Vogt and possible next steps

Vogt writes to Orly Taitz:

They will realize what the purpose of my filing really is. All Americans will know for sure that there was a takeover of the government and we no longer live under the laws Constitution of the United States. At that point other loyal Americans are going to have to decide what the next step is.
Then poor Vogt has failed because it is clear that the court followed precedent on these matters and that Vogt failed to properly address these precedents. How often have we heard that a loss means that we no longer live under the laws of the Constitution, when in fact, the Constitution was what led the court to its conclusions. What is the next step?… Accept the facts and that courts are not going to address these claims any further. Now if there was some real evidence of malfeasance, then perhaps Congress, or AG’s may take notice, but at the moment we have some speculations that amount to little.
The misprision statutes do not help Vogt as the judge cannot rule on something speculative, especially when there is no evidence that Vogt actively tried to conceal his knowledge, which is a requirement.
The Federal Rules of Criminal Procedures similarly do not provide support for the attempt to have a judge forward information to a (special) grand jury. The judge must call together a Grand Jury if public circumstances require this, however, this does not mean that he is obligated to forward Vogt’s information, and since there is likely already one or perhaps two grand juries in session, Vogt’s appeal to the criminal rule 6(a) fails. If Vogt hopes to get the judge to submit the information to a “special grand jury” then he first has to make sure that such a special grand jury is in session and then he has to find a way to force the AG to forward the information to the Grand Jury. The judge may do so, but that is up to his full discretion. In order to get an AG to do this, he will likely need a writ of mandamus, which will not be granted, given the precedents in this area.

Sibley, speculates that:

MR. SIBLEY: Yes. The fact that the judge refused to acknowledge that is, I believe, going to prompt Doug to file a Motion to Reconsider, which then sets the table to take it on appeal to the Ninth Circuit Court of Appeals and from there, on to the U.S. Supreme Court.

Source: Federal Judge Dismisses Report of Obama Birth Certificate Forgery, Request for Grand Jury Review Posted By Sharon Rondeau

It’s good to hear that Sibley believes that Vogt has accepted that he needs to file a motion to reconsider, which indicates that he has accepted that he did file a legal case after all, and then appeal to the Ninth Court. Given his lack of standing, the Ninth Circuit will have no problem affirming the lower court’s findings. However, taking it to the Ninth Circuit Court of Appeals will eliminate quite a few of these 600 judicial districts… The goal of the filing was not to have it be treated as a lawsuit, since such would guarantee failure. The hope was that without filing a law suit, Vogt could force the Judge to take his musings seriously and forward them to a grand jury. That is not going to happen, and for good reasons.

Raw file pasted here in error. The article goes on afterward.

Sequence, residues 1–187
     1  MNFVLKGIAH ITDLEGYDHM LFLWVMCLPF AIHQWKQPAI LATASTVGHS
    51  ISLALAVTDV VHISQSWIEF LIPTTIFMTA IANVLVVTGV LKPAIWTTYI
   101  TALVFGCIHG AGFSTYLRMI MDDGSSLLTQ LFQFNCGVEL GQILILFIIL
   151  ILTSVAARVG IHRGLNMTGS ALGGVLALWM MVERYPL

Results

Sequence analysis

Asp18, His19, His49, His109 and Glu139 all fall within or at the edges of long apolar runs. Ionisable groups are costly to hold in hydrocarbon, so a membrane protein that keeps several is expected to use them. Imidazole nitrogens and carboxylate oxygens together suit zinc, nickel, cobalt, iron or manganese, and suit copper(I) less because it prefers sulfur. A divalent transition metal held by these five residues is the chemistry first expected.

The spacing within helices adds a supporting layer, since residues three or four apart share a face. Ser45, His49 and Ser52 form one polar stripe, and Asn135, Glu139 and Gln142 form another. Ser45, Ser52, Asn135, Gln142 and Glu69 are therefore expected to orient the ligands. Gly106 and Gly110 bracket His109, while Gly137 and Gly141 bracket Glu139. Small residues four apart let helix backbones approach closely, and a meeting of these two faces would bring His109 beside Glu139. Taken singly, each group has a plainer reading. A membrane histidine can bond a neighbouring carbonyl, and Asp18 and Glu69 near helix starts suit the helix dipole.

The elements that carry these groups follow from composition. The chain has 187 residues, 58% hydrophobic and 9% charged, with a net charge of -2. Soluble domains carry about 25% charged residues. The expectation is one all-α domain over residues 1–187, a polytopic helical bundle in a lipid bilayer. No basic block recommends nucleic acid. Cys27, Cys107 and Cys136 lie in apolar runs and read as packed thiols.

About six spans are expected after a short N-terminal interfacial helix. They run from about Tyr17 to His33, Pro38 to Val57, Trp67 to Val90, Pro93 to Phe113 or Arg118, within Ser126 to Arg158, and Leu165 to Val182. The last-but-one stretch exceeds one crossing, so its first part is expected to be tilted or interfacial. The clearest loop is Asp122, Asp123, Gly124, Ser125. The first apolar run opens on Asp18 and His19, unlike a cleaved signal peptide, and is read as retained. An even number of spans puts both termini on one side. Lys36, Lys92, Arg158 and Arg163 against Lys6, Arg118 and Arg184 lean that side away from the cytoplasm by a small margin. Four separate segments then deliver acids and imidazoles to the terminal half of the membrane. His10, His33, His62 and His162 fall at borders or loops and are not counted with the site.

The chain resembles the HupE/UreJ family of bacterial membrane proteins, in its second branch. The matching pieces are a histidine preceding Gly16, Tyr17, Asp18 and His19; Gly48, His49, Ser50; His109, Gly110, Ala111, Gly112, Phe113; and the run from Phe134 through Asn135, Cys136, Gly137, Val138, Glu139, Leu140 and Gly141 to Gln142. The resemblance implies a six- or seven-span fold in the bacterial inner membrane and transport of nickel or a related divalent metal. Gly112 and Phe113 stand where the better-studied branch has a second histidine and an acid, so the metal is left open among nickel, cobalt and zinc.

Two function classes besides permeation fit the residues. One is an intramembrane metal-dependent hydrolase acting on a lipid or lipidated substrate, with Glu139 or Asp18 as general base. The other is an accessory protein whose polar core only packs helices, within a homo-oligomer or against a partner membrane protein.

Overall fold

Orly shows some reason when responding to commenters who hold out hope that the Ninth will overrule the Judge.

sadly, I believe that the 9th Circuit Court of Appeals will affirm the decision of Judge Robart. I represented presidential candidates, Allen Keyes, and they ruled against them. 9th circuit rule against Allen Keyes, I do not believe they will find standing or subject matter jurisdiction in the case brought by Mr. Vogt.
I believe that the 9th circuit would confirm the decision of the District court and the Supreme Court will refuse to hear it certiorari, even though I personally agree with Mr. Vogt

She does understand… And I believe even Vogt does, which is why he wanted to avoid filing his report as a lawsuit, but without a lawsuit, there is nothing, and if he wants to appeal or force the judge or the Attorney General, he needs a writ of mandamus, which is even less likely to be granted. He (and Sibley) hoped that their ‘novel’ approach could get them past standing, but there is just no good way to do this effectively. They can hope that they may find ‘one good judge’ who will forward it to a grand jury. I wish them good luck with that.

IANAL

4 thoughts on “Vogt and possible next steps

  1. The way I read this, Vogt is admitting that his purpose in filing the “thing” was not to compel the judge to empanel a grand jury, but rather to force the judge to make a ruling that Vogt could construe as evidence of his larger conspiracy theory involving the media and the courts.

  2. Well, it is sad that people point to courts ruling against them and want to use it as evidence that the court was somehow covering up…
    There are far more trivial explanations, such as failure to file a proper lawsuit and failure to properly respond to an order to show cause.

    Countless courts have ruled already and they all show a remarkable overlap. That’s because they are following the rules of law as constrained by our Constitution.

    If I remember correctly, this filing was sold as the one that is going to bring down President Obama, or something to that extent. Given the legal precedents, I wonder why they actually believed this. The court was never going to rule on the misprision issue, and is under no obligation to forward Vogt’s filings to a grand jury. Imagine what this would do to the work loads of the grand jury…

    I have to admit that it was a nice try, just like the Qui Tam filing or Quo Warranto, but they all failed because of legal precedent.

  3. So it was more of a publicity stunt? I thought this was the filing that would be the end of President Obama?

  4. Of _course_ it wasn’t a publicity stunt. It’s absolutely the purest of coinkydinks that Vogt has a book on the subject coming out Any Day Now. ..

Comments are closed.